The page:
Saudi Arabia’s state-owned Aramco has been one of the most anticipated IPO’s this year, although the company wasn’t going public on American exchanges. Regardless of this, the Saudi, state-operated company has officially gone public this week, and in doing so, has reached an astronomical $2 trillion market capitalization in the process. This would make the oil giant the largest company in the world.
The company’s first official day of trading was on Wednesday, where it saw significant gains on its first day of trading. On Thursday, shares shot up by another 10% over the course of the day, pushing the company into a $2 trillion market cap. Crown Prince Mohammad bin Salman has been planning to go public for almost four years now in an effort to raise funds and eventually diversify the country’s economy away from oil.
Only 1.5% of the company was sold on the public markets, which still raised $25.6 billion overall, with the Saudi government investing $2 billion of its own money to help ensure the IPO was successful. At the same time, however, Thursday’s surge wasn’t entirely a matter of market forces. The Saudi government had strongly encouraged the country’s wealthy to help buy shares of the company and push Aramco’s valuation to the much desired $2 trillion level.
However, foreign institutions weren’t as excited about the company’s lofty valuation expectations. According to The Financial Times, the company has ended up abandoning international roadshows to convince foreign investors, something that was made worse due to ongoing geopolitical risks as well as issues regarding corporate governance.
“If the central aim of this was to get a listing, then they have achieved that. If the aim was to bring in widespread international participation, then that remains outstanding,” said Stuart Joyner, an energy analyst from the London-based research group, Redburn Partners. At this point, Saudi Aramco might consider a secondary listing on an international exchange, whether that be the NYSE, LSE, or any other major international exchange. However, “that will depend on elements within their control, such as the performance of the company, but also elements outside their control, such as the oil price,” he added.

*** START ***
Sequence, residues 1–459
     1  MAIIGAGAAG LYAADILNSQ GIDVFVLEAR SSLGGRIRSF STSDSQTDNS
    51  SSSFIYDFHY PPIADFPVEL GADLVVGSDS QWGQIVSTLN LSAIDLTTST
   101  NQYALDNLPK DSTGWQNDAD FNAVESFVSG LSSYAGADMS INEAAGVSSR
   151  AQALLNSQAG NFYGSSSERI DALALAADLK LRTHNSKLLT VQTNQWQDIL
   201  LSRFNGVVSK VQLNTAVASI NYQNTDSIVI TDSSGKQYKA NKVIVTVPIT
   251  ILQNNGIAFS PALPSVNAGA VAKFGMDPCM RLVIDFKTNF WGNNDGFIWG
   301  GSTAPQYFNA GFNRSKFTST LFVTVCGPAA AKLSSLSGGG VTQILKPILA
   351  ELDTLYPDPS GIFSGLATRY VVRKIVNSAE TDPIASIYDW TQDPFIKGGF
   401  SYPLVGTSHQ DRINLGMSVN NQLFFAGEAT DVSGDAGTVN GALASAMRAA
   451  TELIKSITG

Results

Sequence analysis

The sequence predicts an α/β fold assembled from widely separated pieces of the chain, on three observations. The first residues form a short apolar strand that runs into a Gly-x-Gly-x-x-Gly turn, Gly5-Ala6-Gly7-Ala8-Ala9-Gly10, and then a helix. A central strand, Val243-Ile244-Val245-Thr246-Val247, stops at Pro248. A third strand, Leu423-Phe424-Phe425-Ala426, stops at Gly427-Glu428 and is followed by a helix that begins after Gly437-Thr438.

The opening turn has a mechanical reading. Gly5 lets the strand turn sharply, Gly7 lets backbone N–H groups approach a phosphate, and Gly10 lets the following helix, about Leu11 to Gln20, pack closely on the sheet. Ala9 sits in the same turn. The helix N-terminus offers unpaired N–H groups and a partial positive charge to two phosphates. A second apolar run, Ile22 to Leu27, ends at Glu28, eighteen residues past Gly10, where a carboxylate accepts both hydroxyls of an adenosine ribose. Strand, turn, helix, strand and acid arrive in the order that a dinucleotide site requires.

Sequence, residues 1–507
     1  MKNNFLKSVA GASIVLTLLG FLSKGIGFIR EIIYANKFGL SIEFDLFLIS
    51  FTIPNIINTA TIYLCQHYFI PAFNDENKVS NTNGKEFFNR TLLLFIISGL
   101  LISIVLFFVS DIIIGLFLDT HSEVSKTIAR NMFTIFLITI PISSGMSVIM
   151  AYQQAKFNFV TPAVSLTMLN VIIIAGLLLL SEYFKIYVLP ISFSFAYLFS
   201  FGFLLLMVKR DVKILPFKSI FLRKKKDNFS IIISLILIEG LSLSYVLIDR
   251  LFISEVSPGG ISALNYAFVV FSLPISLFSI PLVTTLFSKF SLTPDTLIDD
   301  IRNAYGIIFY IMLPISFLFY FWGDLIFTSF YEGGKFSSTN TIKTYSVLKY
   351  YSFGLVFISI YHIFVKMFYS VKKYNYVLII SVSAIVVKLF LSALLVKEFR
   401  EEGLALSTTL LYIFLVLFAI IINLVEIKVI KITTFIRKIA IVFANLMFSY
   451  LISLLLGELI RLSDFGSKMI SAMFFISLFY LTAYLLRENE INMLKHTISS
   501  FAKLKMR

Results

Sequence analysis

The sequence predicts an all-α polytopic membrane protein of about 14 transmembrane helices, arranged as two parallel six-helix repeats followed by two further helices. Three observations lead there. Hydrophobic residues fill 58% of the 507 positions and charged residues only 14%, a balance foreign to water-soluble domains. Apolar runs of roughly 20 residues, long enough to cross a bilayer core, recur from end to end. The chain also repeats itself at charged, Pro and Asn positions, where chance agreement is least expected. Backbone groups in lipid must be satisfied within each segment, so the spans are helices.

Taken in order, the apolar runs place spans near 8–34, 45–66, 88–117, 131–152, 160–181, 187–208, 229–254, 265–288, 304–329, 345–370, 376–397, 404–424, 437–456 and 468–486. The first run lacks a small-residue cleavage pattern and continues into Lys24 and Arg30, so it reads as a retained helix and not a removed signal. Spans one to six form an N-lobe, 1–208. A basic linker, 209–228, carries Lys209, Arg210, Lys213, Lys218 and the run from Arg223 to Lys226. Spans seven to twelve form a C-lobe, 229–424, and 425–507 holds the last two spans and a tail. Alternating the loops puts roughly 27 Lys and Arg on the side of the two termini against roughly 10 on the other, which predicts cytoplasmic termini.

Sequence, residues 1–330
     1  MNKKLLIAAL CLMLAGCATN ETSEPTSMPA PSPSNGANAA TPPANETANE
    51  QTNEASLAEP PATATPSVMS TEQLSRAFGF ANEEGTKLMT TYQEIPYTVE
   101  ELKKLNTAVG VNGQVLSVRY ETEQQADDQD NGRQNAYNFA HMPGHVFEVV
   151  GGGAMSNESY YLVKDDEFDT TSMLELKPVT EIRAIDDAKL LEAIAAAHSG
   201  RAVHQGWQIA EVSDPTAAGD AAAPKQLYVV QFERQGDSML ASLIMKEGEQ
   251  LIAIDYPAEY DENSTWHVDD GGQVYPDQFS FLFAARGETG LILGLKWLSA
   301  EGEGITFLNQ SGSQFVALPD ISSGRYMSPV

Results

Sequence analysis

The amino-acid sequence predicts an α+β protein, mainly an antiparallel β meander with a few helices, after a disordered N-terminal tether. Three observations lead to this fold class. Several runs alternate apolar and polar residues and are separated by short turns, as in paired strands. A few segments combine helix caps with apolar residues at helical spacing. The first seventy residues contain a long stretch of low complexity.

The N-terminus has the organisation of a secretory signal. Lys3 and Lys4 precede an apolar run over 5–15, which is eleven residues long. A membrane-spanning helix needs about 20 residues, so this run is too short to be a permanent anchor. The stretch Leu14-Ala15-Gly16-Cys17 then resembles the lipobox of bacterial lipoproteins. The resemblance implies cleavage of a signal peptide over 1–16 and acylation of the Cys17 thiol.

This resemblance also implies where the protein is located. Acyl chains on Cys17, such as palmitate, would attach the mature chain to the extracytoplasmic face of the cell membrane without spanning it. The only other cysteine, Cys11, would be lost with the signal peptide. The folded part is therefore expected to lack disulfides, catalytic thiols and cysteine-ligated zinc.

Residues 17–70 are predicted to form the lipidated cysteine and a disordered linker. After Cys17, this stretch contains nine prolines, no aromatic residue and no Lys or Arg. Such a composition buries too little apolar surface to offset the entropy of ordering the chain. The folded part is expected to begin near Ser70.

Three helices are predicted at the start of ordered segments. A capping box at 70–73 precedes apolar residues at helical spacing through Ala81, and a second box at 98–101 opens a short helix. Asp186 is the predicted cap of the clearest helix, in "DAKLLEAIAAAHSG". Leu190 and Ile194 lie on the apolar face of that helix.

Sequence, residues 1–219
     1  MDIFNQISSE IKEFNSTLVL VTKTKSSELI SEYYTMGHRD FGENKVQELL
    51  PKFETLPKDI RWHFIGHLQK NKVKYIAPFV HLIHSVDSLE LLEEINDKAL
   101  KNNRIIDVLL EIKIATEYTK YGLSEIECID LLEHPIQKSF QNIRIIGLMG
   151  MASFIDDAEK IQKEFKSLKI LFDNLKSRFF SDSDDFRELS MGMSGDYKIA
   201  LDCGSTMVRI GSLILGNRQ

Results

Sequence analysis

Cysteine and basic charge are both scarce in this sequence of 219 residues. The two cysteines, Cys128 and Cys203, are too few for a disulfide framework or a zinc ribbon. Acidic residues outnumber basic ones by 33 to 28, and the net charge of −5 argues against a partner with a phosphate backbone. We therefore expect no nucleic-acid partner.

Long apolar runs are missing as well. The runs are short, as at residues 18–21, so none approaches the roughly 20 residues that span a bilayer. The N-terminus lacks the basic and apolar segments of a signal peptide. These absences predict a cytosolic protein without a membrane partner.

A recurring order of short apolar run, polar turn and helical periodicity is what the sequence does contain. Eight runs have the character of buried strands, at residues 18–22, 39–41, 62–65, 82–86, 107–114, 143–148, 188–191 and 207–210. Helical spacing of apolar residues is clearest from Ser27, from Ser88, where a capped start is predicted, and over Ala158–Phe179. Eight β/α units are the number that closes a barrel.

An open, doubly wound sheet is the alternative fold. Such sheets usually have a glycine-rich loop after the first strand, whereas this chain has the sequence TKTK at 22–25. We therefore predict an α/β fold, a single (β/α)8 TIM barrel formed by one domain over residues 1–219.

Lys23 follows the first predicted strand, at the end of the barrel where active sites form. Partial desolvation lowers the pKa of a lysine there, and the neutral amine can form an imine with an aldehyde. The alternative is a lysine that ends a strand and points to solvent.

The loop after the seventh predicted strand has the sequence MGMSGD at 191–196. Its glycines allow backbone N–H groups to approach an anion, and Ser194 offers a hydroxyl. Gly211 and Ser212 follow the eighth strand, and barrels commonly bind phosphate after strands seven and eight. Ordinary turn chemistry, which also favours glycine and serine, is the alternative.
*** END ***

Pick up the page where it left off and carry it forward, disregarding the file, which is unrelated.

Understandably, Amarco’s success will depend largely on the price of oil, something that’s expected to rise a little in the future especially after OPEC and other nations decided to deepen production cuts. In a meeting at Vienna, OPEC, Russia, and other oil-producing countries came together to discuss whether or not to extend their oil output cuts further or just to keep them as is.
The current agreement between OPEC countries details that around 1.2 million barrels per day of oil output would be curtailed. However, the nations decided last week to further their supply cuts by an extra 500,000 barrels per day. The move is an effort to stop oil prices from falling further, mainly due to America’s continually increasing output based in the booming Permian Basin.
Although Aramco’s debut doesn’t do much to impact U.S. investors since it isn’t available to be traded, it’s definitely a development you should keep your eyes out for, especially if the company does choose to pursue a secondary, foreign listing.